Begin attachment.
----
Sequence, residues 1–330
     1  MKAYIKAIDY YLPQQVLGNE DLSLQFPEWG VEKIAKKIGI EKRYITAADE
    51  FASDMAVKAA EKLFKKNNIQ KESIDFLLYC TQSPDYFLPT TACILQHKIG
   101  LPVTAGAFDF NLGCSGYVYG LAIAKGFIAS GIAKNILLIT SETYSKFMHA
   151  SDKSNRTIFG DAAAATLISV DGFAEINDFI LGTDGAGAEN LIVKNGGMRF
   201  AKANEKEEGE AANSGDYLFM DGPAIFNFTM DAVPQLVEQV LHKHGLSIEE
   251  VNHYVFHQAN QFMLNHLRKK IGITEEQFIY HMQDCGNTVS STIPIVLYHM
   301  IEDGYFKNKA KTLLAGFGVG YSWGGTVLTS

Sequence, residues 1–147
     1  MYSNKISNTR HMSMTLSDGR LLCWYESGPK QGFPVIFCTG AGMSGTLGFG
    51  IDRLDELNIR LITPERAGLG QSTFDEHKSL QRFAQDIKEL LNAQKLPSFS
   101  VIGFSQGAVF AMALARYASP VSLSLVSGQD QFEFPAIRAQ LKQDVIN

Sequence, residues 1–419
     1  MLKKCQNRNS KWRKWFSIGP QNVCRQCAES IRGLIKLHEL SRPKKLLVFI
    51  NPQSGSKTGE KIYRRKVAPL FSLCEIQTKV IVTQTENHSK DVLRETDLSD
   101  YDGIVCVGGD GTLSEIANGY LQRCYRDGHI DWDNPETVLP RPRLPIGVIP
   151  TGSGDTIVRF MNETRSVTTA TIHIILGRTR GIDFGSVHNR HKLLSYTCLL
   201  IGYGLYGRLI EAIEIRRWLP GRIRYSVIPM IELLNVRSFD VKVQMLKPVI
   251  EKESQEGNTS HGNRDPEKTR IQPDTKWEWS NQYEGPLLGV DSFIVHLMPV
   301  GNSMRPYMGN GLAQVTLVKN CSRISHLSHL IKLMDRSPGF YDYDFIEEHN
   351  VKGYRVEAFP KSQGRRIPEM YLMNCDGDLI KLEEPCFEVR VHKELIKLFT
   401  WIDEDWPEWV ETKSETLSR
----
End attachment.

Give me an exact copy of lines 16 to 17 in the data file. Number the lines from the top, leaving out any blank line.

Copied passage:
   101  YDGIVCVGGD GTLSEIANGY LQRCYRDGHI DWDNPETVLP RPRLPIGVIP
   151  TGSGDTIVRF MNETRSVTTA TIHIILGRTR GIDFGSVHNR HKLLSYTCLL